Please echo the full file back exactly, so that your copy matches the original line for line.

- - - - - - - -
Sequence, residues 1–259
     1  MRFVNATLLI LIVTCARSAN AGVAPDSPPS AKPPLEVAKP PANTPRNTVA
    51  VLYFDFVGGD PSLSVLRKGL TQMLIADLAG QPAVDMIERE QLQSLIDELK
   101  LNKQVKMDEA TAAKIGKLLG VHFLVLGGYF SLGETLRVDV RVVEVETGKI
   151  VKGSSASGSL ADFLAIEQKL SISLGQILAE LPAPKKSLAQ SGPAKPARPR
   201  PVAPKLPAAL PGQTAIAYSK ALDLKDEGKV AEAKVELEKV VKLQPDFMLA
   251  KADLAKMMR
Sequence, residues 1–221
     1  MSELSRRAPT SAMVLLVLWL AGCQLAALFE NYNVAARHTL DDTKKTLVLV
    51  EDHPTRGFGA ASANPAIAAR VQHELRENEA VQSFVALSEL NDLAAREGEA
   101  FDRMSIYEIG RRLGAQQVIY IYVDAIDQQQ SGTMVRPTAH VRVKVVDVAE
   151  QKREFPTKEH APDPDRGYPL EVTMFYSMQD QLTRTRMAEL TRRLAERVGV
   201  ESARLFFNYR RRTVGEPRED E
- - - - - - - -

Sequence, residues 1–259
     1  MRFVNATLLI LIVTCARSAN AGVAPDSPPS AKPPLEVAKP PANTPRNTVA
    51  VLYFDFVGGD PSLSVLRKGL TQMLIADLAG QPAVDMIERE QLQSLIDELK
   101  LNKQVKMDEA TAAKIGKLLG VHFLVLGGYF SLGETLRVDV RVVEVETGKI
   151  VKGSSASGSL ADFLAIEQKL SISLGQILAE LPAPKKSLAQ SGPAKPARPR
   201  PVAPKLPAAL PGQTAIAYSK ALDLKDEGKV AEAKVELEKV VKLQPDFMLA
   251  KADLAKMMR
Sequence, residues 1–221
     1  MSELSRRAPT SAMVLLVLWL AGCQLAALFE NYNVAARHTL DDTKKTLVLV
    51  EDHPTRGFGA ASANPAIAAR VQHELRENEA VQSFVALSEL NDLAAREGEA
   101  FDRMSIYEIG RRLGAQQVIY IYVDAIDQQQ SGTMVRPTAH VRVKVVDVAE
   151  QKREFPTKEH APDPDRGYPL EVTMFYSMQD QLTRTRMAEL TRRLAERVGV
   201  ESARLFFNYR RRTVGEPRED E